Under Missouri workers compensation law, the general rule is that accidental injuries sustained either on the way to work or on the way home from work are not compensable. This is called the "coming and going rule."  The Missouri Court of Appeals for the Southern District recently reaffirmed the "coming and going rule" in the case of Storie v. Americare Systems Inc., No. SD29635, which was handed down January 15, 2010.  In Storie the Court of Appeals affirmed the Labor and Industrial Relations commission's denial of benefits, based on the "coming and going rule."


 Storie was a licensed practical nurse who lives about 20 miles for a place of work. She normally worked an 8 to 9 hour shift every day, except the day of her injury, when she worked a double shift of 16 hours.  When she found out that she was going to have to work a double shift, she told her supervisor that she was tired and exhausted, but she was told she would have to work a double shift anyway. On her way home after working 16 hours, her car left the road and crashed into a ditch.  Storie remembered nodding off during the drive, but could not remember the accident. Stories medical expert psychiatrist, an expert in sleep medicine, testified that story likely fell asleep because of her exhausted state.


Stories workers compensation attorney argued that story's case fell under an exception to the coming and going rule, which is the special hazard doctrine. The attorney argued that because claimant was forced to work a double shift, this created a peculiar risk to claimant of falling asleep and getting in an accident. However, the Court of Appeals agreed with the commission that the special hazard doctrine did not apply, because her failure to get a sufficient amount of sleep to adjust to the demands of her work is a common risk shared by the general public is not a risk incident to and inseparable from claimant's employment.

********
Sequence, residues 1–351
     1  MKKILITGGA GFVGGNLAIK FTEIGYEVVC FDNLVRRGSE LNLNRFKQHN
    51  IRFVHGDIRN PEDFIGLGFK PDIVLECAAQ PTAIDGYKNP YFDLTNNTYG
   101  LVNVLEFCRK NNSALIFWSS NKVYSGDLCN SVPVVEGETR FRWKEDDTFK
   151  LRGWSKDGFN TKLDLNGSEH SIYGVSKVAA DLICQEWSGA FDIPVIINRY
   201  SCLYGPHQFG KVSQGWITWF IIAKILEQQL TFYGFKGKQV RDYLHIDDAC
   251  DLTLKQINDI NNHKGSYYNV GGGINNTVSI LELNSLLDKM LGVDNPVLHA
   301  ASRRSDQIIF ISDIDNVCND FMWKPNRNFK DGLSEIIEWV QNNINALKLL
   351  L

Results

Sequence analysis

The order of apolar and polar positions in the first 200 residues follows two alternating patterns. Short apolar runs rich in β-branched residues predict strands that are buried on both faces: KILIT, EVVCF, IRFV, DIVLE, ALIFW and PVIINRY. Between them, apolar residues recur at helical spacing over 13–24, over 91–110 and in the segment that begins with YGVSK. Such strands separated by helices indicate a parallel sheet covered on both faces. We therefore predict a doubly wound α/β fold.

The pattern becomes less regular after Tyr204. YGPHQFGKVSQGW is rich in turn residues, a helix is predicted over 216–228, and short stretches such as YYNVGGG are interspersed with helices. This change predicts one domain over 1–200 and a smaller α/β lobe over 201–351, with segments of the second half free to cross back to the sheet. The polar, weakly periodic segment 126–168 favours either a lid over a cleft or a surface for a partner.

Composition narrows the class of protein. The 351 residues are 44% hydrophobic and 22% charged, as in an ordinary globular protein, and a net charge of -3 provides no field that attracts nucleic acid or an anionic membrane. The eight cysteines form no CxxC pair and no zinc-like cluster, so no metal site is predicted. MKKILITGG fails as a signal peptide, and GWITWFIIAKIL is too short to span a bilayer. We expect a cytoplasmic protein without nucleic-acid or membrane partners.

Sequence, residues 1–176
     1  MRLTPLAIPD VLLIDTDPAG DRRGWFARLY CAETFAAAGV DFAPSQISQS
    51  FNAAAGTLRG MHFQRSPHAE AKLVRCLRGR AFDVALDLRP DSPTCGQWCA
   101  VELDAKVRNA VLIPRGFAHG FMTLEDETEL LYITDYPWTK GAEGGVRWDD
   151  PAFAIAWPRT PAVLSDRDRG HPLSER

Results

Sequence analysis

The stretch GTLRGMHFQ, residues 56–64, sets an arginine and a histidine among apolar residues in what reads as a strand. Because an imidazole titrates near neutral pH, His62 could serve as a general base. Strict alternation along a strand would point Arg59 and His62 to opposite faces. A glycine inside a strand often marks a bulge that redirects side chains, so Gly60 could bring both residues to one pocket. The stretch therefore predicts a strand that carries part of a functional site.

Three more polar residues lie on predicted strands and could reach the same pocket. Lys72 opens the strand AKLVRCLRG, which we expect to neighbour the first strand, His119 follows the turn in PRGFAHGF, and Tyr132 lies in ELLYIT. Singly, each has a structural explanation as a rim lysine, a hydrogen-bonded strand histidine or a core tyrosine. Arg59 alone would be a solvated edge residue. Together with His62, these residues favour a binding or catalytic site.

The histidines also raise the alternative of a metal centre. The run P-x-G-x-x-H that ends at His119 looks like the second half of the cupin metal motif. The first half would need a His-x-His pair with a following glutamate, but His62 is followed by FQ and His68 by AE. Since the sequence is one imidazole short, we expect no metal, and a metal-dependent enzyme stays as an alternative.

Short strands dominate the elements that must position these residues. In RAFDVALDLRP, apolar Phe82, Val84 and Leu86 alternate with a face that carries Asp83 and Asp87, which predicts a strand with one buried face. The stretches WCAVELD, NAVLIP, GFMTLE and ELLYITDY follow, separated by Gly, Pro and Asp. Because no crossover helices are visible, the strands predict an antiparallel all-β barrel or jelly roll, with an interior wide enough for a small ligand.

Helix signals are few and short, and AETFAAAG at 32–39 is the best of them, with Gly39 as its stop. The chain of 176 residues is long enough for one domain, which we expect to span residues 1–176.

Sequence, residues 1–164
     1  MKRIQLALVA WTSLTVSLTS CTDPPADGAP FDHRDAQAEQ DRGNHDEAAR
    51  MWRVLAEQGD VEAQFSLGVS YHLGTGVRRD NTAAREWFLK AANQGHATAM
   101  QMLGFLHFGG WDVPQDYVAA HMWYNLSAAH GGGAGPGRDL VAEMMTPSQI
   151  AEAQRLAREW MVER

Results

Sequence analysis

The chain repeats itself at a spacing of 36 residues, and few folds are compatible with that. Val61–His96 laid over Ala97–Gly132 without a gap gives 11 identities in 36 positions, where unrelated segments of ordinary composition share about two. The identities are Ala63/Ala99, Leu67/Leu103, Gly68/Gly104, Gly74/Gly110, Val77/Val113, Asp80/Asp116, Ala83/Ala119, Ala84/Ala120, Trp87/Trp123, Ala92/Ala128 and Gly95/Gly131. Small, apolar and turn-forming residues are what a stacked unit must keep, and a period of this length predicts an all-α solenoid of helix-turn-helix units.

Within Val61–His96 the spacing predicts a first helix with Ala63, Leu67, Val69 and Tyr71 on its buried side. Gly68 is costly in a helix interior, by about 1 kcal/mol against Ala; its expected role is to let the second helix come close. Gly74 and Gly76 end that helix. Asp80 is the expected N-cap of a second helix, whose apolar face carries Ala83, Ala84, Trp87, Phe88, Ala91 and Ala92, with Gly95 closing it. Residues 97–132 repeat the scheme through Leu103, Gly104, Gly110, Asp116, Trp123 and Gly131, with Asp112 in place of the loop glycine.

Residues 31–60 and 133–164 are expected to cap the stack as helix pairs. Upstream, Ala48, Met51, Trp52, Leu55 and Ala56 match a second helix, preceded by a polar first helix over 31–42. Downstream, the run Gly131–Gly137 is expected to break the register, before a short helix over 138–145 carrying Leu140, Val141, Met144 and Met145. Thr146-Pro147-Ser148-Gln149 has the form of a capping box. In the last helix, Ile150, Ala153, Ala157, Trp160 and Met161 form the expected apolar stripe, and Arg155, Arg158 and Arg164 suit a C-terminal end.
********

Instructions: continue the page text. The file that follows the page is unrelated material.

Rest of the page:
It should be noted that this accident happened in 2003, and so was decided under the Missouri workers compensation act before the 2005 amendments, when the statutes were supposed to be liberally construed.  Now, under the strict construction of the 2005 workers compensation act, it would undoubtedly be even harder to obtain benefits in such a case.  There are other exceptions to the rule however, so it is important to contact an experienced Missouri workers compensation attorney if you are ever involved in an accident either on the way to or on the way home from work.

Have You Been Injured On The Job?

If you've been hurt at work on the job in Kansas City you need to speak with an experienced workers' compensation attorney as soon as possible. Please contact us online or call our Kansas City office directly at 816.471.5111 to schedule your free consultation.

James Roswold
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James Roswold is a Kansas & Missouri personal injury, workers comp, and medical malpractice attorney.
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